A COMPLETE GUIDE TO SLURRY PUMPING

Slurries are specialized compounds found in various processing industries, including sanitary sectors like mining, aggregates, mineral processing, dredging, tunneling, and water treatment, as well as other industries that involve slurry or sewage. Because slurries combine the properties of liquids and solids, special consideration must be given when determining the type and size of the slurry pump to use with them. Kingda Pump features several companies that specialize in slurry pumps capable of handling a wide range of loads, from light to heavy.

This article will concentrate on the following:
  • Slurries are defined as
  • Pumps that can be used to transport slurries
  • Considerations when selecting a slurry pump for a specific application
SLURRY PUMPS ARE?

Slurries are solid-liquid mixtures, with the liquid acting as a transport mechanism for the solid. The size of particles in slurries can range from a micron to thousands of millimeters. The ability of a pump to move a slurry through a process line is greatly influenced by particle size.

A slurry pump is a centrifugal pump used to transport abrasive and frequently corrosive solid particles inside a carrier fluid. To minimize substantial particle velocity and thus wear rates, the slurry pump should have a low specific speed design that allows for slower operating speeds than ordinary water pumps. Depending on the application, wear-resistant metallic or elastomeric materials are used in slurry pump components that come into contact with the pumped medium.

All slurries share five essential characteristics:
  • Abrasive when compared to pure liquids.
  • Thicker in texture than pure liquids.
  • Many solids may be present (determined by a percentage of total volume).
  • When the slurry is not moving, the solid particles usually settle out of the residue relatively quickly (depending on the particle size).
  • Moving slurries require more energy than moving pure liquids.

Slurries are further classified into four classes by industry based on their aggressiveness, with Class 1 being the least aggressive and Class 4 being the most aggressive. Pumping slurries can wear out pumps and pipeline components in the following ways:

  • Gouging, high-stress grinding, and low-stress grinding are abrasions (applicable only with settling-type slurries).
  • Surface material resulting from the actions of particles that make up the slurry that is pumped is known as erosion. Pumping settling-type slurries cause the most decay.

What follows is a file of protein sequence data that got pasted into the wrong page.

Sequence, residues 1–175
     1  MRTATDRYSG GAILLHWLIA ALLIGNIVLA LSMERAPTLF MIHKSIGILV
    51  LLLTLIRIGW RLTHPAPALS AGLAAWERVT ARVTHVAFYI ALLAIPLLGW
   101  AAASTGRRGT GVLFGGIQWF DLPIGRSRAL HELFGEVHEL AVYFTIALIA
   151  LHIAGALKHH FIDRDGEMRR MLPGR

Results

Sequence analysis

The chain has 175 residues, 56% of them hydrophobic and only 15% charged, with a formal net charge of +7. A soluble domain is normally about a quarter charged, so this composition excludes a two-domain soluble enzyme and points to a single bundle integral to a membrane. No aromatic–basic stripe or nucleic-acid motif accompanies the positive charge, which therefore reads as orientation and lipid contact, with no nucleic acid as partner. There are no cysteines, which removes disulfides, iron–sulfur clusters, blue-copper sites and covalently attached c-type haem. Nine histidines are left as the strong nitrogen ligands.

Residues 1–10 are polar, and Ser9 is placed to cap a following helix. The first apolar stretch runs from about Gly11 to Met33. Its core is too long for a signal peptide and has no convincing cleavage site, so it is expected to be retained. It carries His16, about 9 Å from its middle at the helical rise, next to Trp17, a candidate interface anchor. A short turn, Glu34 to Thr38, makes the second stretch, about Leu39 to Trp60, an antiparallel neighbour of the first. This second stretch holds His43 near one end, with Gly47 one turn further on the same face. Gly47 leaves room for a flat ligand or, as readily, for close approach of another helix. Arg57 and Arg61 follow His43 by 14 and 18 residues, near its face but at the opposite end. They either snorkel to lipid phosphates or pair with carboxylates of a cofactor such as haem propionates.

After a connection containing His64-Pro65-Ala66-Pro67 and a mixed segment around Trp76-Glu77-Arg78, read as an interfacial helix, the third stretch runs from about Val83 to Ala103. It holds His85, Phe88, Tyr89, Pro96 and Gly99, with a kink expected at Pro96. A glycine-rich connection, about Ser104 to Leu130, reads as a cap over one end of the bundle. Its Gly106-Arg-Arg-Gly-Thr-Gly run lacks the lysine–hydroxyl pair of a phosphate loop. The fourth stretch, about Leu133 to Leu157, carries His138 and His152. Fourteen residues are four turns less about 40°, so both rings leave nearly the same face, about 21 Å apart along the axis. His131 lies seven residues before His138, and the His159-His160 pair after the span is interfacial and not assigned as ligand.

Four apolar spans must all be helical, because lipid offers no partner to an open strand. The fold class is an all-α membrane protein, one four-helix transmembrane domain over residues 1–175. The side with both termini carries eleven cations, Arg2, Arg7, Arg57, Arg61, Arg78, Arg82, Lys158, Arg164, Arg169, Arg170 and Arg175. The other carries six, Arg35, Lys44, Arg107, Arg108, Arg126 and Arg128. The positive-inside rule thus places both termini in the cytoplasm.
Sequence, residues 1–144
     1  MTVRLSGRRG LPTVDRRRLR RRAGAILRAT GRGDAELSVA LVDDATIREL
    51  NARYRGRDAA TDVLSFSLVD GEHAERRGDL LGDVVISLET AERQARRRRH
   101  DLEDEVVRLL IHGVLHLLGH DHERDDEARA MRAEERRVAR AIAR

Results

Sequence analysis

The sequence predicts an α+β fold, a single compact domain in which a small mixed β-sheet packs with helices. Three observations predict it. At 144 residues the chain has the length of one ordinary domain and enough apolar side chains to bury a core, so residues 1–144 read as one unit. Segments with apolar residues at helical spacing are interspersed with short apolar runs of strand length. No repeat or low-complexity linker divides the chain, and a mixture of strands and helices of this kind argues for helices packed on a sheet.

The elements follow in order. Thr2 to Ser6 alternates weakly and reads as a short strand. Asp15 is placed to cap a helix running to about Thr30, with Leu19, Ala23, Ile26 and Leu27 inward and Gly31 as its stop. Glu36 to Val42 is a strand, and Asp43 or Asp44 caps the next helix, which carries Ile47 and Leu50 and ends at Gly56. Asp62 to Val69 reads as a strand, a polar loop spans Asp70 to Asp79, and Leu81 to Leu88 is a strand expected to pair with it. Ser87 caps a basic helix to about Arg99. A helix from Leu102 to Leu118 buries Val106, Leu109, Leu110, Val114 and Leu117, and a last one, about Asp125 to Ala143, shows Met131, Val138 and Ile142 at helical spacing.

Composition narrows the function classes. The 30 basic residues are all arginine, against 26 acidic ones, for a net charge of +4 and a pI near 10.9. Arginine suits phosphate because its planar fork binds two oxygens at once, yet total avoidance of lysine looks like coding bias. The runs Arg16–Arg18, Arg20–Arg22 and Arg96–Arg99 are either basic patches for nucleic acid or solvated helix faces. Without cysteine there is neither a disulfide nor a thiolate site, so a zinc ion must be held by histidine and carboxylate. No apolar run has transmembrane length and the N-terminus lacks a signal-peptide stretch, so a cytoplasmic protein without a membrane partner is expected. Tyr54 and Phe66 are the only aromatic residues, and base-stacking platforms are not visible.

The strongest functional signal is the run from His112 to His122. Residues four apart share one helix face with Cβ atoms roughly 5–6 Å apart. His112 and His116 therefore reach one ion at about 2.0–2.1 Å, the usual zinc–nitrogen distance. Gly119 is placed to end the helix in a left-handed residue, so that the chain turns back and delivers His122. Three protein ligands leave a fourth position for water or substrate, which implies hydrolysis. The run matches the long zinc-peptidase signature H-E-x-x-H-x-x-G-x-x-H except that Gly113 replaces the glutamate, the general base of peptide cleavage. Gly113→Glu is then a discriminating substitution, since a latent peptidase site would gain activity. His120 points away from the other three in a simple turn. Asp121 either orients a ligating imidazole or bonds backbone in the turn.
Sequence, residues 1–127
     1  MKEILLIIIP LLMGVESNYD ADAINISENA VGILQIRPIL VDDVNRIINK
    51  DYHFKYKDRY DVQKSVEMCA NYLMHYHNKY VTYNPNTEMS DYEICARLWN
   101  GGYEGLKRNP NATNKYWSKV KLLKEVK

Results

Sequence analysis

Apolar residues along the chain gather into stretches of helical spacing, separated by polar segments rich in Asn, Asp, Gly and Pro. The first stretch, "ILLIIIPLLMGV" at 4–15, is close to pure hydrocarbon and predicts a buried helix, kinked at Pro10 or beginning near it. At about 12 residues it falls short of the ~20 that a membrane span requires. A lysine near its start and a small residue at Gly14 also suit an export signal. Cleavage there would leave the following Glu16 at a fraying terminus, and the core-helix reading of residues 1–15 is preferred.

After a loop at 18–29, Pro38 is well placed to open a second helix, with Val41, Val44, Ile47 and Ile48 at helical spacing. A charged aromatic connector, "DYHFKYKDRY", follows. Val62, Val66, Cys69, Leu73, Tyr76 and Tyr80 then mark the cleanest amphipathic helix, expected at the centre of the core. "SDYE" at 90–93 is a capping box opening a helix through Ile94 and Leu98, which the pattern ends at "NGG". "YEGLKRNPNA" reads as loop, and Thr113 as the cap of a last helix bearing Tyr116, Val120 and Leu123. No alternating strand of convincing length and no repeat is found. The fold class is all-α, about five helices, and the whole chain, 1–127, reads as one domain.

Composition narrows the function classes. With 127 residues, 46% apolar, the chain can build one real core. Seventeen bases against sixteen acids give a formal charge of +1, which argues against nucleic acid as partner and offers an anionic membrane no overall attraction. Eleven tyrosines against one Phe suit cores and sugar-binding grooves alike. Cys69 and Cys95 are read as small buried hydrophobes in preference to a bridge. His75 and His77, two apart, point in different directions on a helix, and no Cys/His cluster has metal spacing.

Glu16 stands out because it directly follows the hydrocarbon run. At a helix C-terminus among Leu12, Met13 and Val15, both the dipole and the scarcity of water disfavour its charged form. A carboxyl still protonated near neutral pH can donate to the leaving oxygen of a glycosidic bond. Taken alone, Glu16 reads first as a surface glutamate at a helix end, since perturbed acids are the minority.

• Corrosion is caused by electrical galvanic action in the pumped fluid. Specific slurries (highly acidic or alkaline compounds) have a more significant impact on component corrosion than others.
SLURRY PUMP TYPES

Several types of pumps are suitable for pumping slurries, as described below. However, we must address a couple of critical issues before deciding which technology to use.

  • The nature and size of the solids present in the liquid. The size and type of solids present in the fluid will influence physical wear and tear on parts of the pump and the extent to which the components can pass through the pump without getting damaged.

The pump’s speed and shear the pump can cause damage to solids or slurry, which is a concern for centrifugal pumps. Twin screw pumps, generally, because of the minor slurry’s solids.

  • The more corrosive slurries make the pump components wear faster and can influence the materials from which the pump is constructed.

Because slurries weigh a lot and are hard to push, the pumps explicitly made for slurries will have heavier and more potent than pumps designed for liquids with less viscosity.

Slurry pumps tend to be larger than conventional pumps, have more horsepower, and are constructed with more robust bearings and shafts. The centrifugal pump can be described as the most popular kind of pump for slurry. These pumps employ an impeller rotating like water-like liquids flow through a centrifugal pump.

Pumps designed explicitly for slurry pumps will usually feature the following features compared to conventional centrifugal pumps. Centrifugal force can push it outward if something is spinning fast around a central point.

  • Impellers that are bigger and prepared with more material. This is to compensate for abrasive slurries’ wear.
  • The impeller has fewer, thicker vanes. This allows solids to pass through more easily — typically 2-5 vanes versus 5-9 vanes on a standard centrifugal pump.

These pumps may also be made of specialized high-wear alloys for pumping abrasive slurries. Hardening stainless steel is another popular option for abrasive slurries.

Helpful displacement pumps may be better than centrifugal pumps for certain slurry pumping conditions.

Among these conditions are the following:
  • The slurry flow rate is low.